U.S. Approves Sale of 32 AIM-120C-8 AMRAAM Air-to-Air Missiles to Japan

The U.S. State Department has approved a possible sale of 32 AIM-120C-8 Advanced Medium Range Air-to-Air Missiles (AMRAAM) to Japan for an estimated cost of $63 million.

The sale will be executed through the U.S. Foreign Military Sales (FMS) program. The Defense Security Cooperation Agency (DSCA), which oversees FMS sales, delivered the required certification notifying Congress of this possible sale on August 26.

The Government of Japan has requested to buy 32 AIM-120C-8 AMRAAM and one AIM-120C-8 AMRAAM guidance section spare. Also included are containers, support and support equipment, spare and repair parts, U.S. Government and contractor engineering, technical and logistical support services, and other related elements of logistical and program support.

The DSCA statement said that this proposed sale will support the foreign policy goals and national security objectives of the United States by improving the security of a major ally that is a force for political stability and economic progress in the Asia-Pacific region. The statement added that the sale is vital to U.S. national interest to assist Japan in developing and maintaining a strong and effective self-defense capability.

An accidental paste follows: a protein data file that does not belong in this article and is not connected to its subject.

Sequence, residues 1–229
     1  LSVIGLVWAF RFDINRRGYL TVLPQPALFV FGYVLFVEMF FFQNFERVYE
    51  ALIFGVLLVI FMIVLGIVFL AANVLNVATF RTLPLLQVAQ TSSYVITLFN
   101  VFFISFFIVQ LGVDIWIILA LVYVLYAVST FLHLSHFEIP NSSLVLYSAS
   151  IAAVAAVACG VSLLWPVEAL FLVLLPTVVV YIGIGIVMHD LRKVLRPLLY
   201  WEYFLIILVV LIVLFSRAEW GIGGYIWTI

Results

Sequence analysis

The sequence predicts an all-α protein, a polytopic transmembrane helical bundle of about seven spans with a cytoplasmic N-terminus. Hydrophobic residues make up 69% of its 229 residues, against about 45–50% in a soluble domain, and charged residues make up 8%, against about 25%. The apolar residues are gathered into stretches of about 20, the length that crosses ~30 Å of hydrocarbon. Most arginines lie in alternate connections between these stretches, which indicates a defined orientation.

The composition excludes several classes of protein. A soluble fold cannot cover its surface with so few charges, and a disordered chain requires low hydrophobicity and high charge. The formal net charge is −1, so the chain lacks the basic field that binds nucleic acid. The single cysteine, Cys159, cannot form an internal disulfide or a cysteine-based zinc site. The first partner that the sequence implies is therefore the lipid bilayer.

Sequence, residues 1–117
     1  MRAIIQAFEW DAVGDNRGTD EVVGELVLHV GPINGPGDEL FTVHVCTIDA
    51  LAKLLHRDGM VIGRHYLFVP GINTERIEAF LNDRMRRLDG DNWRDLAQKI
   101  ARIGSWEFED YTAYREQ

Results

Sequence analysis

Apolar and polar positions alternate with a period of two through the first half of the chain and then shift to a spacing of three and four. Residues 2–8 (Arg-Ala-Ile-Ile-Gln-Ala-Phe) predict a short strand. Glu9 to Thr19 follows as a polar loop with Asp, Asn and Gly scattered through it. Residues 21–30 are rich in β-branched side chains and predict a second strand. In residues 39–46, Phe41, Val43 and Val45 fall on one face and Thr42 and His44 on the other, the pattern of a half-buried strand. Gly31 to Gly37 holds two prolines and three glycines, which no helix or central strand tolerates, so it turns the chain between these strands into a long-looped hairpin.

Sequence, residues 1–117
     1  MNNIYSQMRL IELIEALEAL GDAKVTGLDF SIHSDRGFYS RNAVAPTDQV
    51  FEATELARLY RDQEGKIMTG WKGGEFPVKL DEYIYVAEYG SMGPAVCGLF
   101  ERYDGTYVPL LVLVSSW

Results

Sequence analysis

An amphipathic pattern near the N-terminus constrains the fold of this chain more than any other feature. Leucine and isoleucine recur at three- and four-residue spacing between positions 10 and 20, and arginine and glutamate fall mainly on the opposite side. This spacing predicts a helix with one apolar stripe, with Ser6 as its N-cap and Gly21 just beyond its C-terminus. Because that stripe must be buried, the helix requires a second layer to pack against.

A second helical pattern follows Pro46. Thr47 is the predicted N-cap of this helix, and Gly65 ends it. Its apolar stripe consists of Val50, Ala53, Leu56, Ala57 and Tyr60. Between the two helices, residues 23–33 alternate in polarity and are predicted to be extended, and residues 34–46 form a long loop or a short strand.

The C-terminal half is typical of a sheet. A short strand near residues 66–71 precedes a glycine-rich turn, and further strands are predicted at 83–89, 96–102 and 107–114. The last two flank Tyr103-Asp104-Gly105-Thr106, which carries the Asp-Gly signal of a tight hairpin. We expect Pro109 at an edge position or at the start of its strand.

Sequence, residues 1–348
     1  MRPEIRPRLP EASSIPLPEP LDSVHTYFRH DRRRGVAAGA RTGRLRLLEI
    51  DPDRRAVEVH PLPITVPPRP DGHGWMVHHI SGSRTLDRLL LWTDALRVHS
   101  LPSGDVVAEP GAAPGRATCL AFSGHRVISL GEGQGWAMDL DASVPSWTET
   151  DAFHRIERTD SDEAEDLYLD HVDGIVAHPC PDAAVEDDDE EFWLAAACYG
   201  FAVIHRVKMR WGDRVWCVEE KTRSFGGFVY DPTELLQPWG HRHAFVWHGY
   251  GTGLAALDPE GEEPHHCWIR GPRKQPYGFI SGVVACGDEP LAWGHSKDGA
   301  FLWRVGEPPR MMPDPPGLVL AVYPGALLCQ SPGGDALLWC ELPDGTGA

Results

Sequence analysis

The proposed sale of missiles will provide Japan a critical air defense capability to assist in defending the Japanese homeland and U.S. personnel stationed there. Japan already has AMRAAM in its inventory and will have no difficulty absorbing the additional missiles into its armed forces.

The prime contractor will be Raytheon Missile Systems of Tucson, AZ.


AIM-120 Advanced Medium-Range Air-to-Air Missile, or AMRAAM (pronounced “am-ram”), is a modern beyond-visual-range air-to-air missile (BVRAAM) capable of all-weather day-and-night operations.

Designed with 7-inch diameter instead of 8-inch diameter form-and-fit factors, and employing active transmit-receive radar guidance instead of semi-active receive-only radar guidance, it has the advantage of being a fire-and-forget weapon when compared to the previous generation Sparrowmissiles.

When an AMRAAM missile is being launched, NATO pilots use the brevity code Fox Three.

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